What Is a Carpenter Plan?

Alex Newth

The Carpenter plan is an insurance plan — more accurately, a reinsurance plan — named after Guy Carpenter, the insurance broker who introduced the idea in the United States. When the Carpenter plan is used, insurance companies increase their premiums based on excessive loss, perhaps from national disasters or a large string of automobile thefts. Both the insurance and reinsurance plans share liability to make the loss easier for both. If an insurance company were to increase its premiums to cover all the losses immediately, then customers would likely be unable to pay the premium; instead, the plan dictates that all premium increases last from three to five years. The legal rights of the insurance company to the insured do not change when the Carpenter plan is used.

Insurance premiums may increase if multiple car thefts have occurred in the area.
Insurance premiums may increase if multiple car thefts have occurred in the area.

Insurance companies lose money whenever they have to pay a policyholder to get a car fixed after an accident, clear a hospital bill, or settle a life insurance policy because the policyholder dies. These losses are commonplace and are planned for beforehand, though, so premiums are set accordingly and the insurance company still makes a profit. If there is excessive loss that goes beyond the estimates and threatens to bankrupt the company, then the insurance company uses the Carpenter plan. This means the premiums of all customers increase, based on the excess loss.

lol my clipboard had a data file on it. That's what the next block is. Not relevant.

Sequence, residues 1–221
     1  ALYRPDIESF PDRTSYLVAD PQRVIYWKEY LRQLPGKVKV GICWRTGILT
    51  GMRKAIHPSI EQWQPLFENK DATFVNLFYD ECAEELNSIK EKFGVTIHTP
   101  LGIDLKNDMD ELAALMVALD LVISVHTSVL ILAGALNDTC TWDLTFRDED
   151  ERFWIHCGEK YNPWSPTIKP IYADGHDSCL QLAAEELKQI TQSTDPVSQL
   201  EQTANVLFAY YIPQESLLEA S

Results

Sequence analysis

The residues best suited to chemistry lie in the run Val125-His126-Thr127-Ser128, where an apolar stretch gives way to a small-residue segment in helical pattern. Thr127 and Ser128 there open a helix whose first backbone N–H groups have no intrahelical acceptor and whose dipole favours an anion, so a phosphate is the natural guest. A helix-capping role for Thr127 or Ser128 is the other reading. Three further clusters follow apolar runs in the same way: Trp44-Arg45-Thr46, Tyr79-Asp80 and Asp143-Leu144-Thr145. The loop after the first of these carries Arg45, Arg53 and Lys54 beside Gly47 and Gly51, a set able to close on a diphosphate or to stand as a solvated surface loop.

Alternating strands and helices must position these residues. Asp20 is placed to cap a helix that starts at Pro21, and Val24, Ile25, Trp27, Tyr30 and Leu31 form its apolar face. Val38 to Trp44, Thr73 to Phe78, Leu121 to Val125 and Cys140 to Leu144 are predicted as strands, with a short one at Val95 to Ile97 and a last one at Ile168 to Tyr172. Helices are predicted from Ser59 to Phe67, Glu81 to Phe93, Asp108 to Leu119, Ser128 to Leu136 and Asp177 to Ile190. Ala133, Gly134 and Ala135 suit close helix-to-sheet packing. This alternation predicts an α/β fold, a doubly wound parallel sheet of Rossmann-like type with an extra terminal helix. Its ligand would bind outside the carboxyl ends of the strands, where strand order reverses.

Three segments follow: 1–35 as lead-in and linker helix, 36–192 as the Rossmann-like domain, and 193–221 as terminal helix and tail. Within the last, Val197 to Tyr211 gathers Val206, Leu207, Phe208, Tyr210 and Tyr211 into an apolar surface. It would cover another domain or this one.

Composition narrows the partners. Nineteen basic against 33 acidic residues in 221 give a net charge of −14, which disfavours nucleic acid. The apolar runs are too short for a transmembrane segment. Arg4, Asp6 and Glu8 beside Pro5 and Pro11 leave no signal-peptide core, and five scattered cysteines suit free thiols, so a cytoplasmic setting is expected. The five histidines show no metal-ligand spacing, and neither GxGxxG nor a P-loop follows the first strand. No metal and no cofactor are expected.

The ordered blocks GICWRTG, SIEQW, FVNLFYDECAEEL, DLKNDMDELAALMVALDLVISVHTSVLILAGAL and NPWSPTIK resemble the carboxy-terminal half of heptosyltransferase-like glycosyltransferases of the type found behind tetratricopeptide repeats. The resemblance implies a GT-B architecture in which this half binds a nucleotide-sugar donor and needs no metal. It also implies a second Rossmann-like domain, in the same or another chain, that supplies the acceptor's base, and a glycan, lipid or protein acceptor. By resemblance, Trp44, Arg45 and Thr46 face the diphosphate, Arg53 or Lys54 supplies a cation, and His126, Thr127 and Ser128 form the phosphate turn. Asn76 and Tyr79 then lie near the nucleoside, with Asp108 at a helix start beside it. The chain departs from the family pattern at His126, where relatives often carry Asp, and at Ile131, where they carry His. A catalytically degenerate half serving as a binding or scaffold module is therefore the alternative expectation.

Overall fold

Typically, the Carpenter plan is used in a reinsurance plan. Reinsurance is when an insurance company is scared of losing too much money, so it commissions another insurance company to take claims, but under the original insurance company’s name and policy guidelines. When there is excessive loss but the plan is in effect, the loss typically affects many different companies at once, spreading the liability and making it easier for everyone.

If an insurance company loses an excessive amount of money, then it could push all those losses onto its customers and recoup the money in a month, if it wanted, but this would be unethical. If premiums were increased this much, the policyholder would be unable to pay the large premiums. When the Carpenter plan is used, all future losses are estimated, and a three- to five-year plan is created to get all the money back without hitting the customer too hard all at once.

Insurance companies have a legal responsibility to pay insured customers in the event of an accident, car theft or other claim. When this plan is used, the insurance company’s legal right to its customers does not change. The insurance company must still pay for anything its policy covers.

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